Hogrebe v. Hogrebe

Annotate this Case

727 S.W.2d 193 (1987)

Linda K. HOGREBE, Petitioner-Respondent, v. Edward C. HOGREBE, Respondent-Appellant.

No. 51131.

Missouri Court of Appeals, Eastern District, Division Two.

March 31, 1987.

*194 Michael T. Londoff, St. Charles, for respondent-appellant.

William H. Wyne, St. Louis, for petitioner-respondent.

DOWD, Judge.

Edward C. Hogrebe (hereinafter husband) appeals from those portions of a dissolution decree regarding attorney's fees, child support and division of marital property.

Appellant and Linda K. Hogrebe (hereinafter wife) were married in 1972. Three minor children were born of the marriage, ages 8, 6 and 3 at the time of trial. Both parties were employed full-time during the marriage until August of 1983, when husband left his employment to enroll in graduate school to obtain a Master's degree in Marketing. The parties' incomes until that time were substantially equal. From August 1983 until the parties separated in April of 1984, wife remained employed as a teacher. Husband was not employed at any time from August 1983 until the time of trial.

In its decree, the trial court awarded wife custody of the parties' three children, ordering husband to pay wife child support of $40.00 per week per child. The court divided the marital property, awarding wife marital assets valued at $200,464.00 and awarding husband marital assets valued at $168,453.00. Husband was ordered to pay wife attorney's fees in the amount of $7,500.00. We affirm.

Our standard of review is set forth in Murphy v. Carron, 536 S.W.2d 30 (Mo. banc 1976). A trial court's determination in a court-tried case will be sustained by an appellate court unless there is no substantial evidence to support it or unless it erroneously declares or misapplies the law. Murphy, supra, at 32.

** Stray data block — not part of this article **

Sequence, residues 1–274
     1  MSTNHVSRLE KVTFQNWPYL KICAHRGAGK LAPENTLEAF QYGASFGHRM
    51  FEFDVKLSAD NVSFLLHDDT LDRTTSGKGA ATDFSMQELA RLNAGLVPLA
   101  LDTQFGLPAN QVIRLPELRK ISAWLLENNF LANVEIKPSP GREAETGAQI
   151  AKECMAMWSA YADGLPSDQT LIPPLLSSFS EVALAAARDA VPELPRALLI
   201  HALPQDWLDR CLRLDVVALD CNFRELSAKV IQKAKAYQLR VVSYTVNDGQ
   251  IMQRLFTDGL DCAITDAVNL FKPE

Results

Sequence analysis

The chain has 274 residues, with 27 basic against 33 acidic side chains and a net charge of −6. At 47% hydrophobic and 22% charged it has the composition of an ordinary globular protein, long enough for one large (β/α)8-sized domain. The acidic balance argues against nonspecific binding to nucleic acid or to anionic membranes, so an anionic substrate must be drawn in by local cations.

Husband contends in his first point the trial court erred in awarding wife $7,500.00 in attorney's fees.

Section 452.355, RSMo 1986,[1] provides that the trial court may, in its discretion, award reasonable attorney's fees. Husband contends that because he is unemployed and wife is currently self-supporting, there exists no adequate basis for an award of attorney's fees. He cites in support cases holding that an award of attorney's fees is appropriate only where there is evidence of a spouse's need and lack of sufficient funds to finance the litigation. See, e.g., Ortmann v. Ortmann, 547 S.W.2d 226 (Mo.App.1977).

However, the Supreme Court of Missouri recently construed § 452.355 in Kieffer v. Kieffer, 590 S.W.2d 915 (Mo. banc 1979). The court stated that parties' financial resources are but one factor for the trial court to consider in awarding attorney's fees:

However, § 452.355 does make clear that the financial resources of the parties must be considered. Other factors are to be taken into account as well. How they balance will vary from cases [sic] to case and certainty of result cannot be projected. Only when the trial court is shown to have abused the broad discretion with which it is vested in this regard should its award (or orders) be overturned.

Kieffer, supra, at 919.